Fabrication of Photo-Responsible Cell Culture Vessels Using Titanium Oxide Films

Nov 28, 2017 - 8:00 PM -  BM04.06.02
Hynes, Level 1, Hall B
Masato Ueda 1 , Chika Fujita 1 , Masahiko Ikeda 1

1 Kansai University Suita Japan
Several techniques have been employed to attach/detach cells to/from a substrate. Cells cultured on a substrate are generally detached from the substrate into a sheet by the destruction of protein between the cells and the substrate using enzymes such as trypsin. However, the enzymes also damage the adhesion molecules among the cells.
Anatase-type TiO2 is an n-type semiconductor with an energy band gap of Eg=3.2 eV, which displays a relatively high photocatalytic activity under light irradiation at wavelengths of λ<380 nm. When an n-type semiconductor is immersed in an aqueous solution, an up-hill potential gradient is produced towards the surface in the conduction and the valence bands. Under ultraviolet (UV) irradiation, electrons and holes are formed in the conduction and the valence band, respectively. These photogenerated charges are then spatially separated by the potential gradient. This phenomenon can be regarded as photocurrent, electromotive force, or redox reaction.
The purpose of this work was to fabricate photo-responsive cell culture vessels using TiO2 and to investigate adhesion/proliferation behaviors of cells on them. Following three types of vessels were fabricated: (a) TiO2 film/Ti, (b) TiO2 film/SiO2 and (c) Ti/TiO2 film/Hanks’ solution/SiO2. In the vessels of (b) and (c), light was irradiated from back-side of the vessels.
TiO2 films were prepared on commercial purity Ti plates or SiO2 plates by the combined chemical-hydrothermal treatment or a general sol-gel method using titanium tetraisopropoxide, respectively. Primary osteoblasts were seeded on the vessels and then incubated at 37 °C. During the incubation, the light irradiation was performed intermittently or continuously.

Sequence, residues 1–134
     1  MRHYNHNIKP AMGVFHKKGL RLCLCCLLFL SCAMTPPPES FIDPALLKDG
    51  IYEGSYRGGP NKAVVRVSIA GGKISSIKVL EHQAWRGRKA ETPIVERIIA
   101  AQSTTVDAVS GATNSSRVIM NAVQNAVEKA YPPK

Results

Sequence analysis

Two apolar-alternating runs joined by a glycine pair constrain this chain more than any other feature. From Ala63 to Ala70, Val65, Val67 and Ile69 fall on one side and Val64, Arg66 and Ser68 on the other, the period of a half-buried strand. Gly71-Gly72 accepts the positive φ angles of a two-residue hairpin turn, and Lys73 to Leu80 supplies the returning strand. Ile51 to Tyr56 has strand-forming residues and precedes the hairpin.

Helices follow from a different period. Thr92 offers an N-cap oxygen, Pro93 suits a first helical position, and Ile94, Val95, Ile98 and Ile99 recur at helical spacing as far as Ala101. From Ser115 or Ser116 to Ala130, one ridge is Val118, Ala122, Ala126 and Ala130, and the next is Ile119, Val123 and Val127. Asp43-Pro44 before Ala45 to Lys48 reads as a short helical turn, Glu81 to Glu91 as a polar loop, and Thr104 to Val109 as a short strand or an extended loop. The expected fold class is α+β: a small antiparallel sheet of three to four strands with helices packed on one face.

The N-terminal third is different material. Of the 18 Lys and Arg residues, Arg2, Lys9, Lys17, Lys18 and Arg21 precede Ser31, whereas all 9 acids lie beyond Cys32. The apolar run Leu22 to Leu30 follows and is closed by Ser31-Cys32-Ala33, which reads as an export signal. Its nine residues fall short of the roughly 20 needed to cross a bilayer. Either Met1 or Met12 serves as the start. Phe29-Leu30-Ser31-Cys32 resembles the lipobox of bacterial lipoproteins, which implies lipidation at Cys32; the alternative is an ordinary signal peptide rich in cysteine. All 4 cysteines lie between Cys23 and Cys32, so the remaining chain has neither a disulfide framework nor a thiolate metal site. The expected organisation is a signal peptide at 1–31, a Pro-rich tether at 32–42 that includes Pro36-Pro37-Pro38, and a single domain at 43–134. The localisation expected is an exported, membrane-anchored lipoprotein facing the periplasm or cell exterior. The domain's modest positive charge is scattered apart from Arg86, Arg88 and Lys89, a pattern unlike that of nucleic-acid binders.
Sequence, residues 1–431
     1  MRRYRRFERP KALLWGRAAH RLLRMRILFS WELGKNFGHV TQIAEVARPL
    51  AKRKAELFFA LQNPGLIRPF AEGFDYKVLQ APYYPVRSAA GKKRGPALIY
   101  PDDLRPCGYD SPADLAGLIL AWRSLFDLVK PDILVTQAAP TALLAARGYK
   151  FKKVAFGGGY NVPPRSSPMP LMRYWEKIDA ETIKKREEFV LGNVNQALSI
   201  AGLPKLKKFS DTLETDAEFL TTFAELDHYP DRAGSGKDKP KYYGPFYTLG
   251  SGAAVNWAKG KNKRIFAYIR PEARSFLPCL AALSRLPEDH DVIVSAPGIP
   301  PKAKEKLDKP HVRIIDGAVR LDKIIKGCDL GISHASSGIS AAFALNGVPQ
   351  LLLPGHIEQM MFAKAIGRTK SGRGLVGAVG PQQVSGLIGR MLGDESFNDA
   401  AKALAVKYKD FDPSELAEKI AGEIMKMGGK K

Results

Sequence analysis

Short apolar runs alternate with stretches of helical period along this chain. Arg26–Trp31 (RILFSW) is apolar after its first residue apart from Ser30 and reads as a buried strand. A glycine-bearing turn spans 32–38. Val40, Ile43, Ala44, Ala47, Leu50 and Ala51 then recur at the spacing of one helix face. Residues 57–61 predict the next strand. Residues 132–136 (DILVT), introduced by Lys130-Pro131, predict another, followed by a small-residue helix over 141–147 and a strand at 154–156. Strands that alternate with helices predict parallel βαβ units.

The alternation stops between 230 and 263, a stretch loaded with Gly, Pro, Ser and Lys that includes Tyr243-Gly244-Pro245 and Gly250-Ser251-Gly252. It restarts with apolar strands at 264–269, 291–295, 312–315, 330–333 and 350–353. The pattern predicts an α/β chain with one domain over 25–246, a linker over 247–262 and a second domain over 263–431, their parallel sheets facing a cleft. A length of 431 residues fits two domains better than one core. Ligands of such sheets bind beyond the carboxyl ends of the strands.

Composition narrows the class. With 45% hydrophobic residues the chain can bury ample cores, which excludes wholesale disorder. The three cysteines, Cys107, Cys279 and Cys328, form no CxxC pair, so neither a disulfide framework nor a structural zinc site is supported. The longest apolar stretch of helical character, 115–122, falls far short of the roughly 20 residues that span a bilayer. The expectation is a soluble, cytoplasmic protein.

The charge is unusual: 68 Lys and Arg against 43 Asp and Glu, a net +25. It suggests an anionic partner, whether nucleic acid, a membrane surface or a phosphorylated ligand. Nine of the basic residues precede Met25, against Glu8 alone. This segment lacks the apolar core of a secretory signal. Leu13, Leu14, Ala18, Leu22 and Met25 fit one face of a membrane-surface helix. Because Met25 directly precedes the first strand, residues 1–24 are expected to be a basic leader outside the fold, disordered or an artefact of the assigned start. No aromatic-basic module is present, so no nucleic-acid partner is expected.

Basically the number of cells monotonically increased with incubation periods on both Ti and TiO2 under darkness. The intermittent light irradiation promoted the adhesion of cells on the surface in the vessel of (a). The formation of Ti-OH groups on the TiO2 seems to be facilitated by the UV irradiation. In contrast, the cells decreased under continuous light irradiation. Direct UV irradiation is known to damage to the cells. The decrease was significant in the TiO2, not in the Ti. The cells might be additionally received some sort of stimulus from the surface of TiO2. In the vessel of (b), the cells are not exposed to UV since it is completely absorbed by the TiO2 layer. However, the cell adhesion was suppressed by light irradiation; it might be due to generated photocurrent or hydroxyl radicals on the surface of TiO2. On the other hand, the cell adhesion was also suppressed by continuous light irradiation in the vessel of (c). The cells adhered under dark could be detached by light irradiation in the vessels of (b) and (c), though the efficiency was not so high. These results imply that the adhesion/proliferation/detachment behaviors of cells can be controlled by the photocatalytic reaction of TiO2 and the irradiation patterns.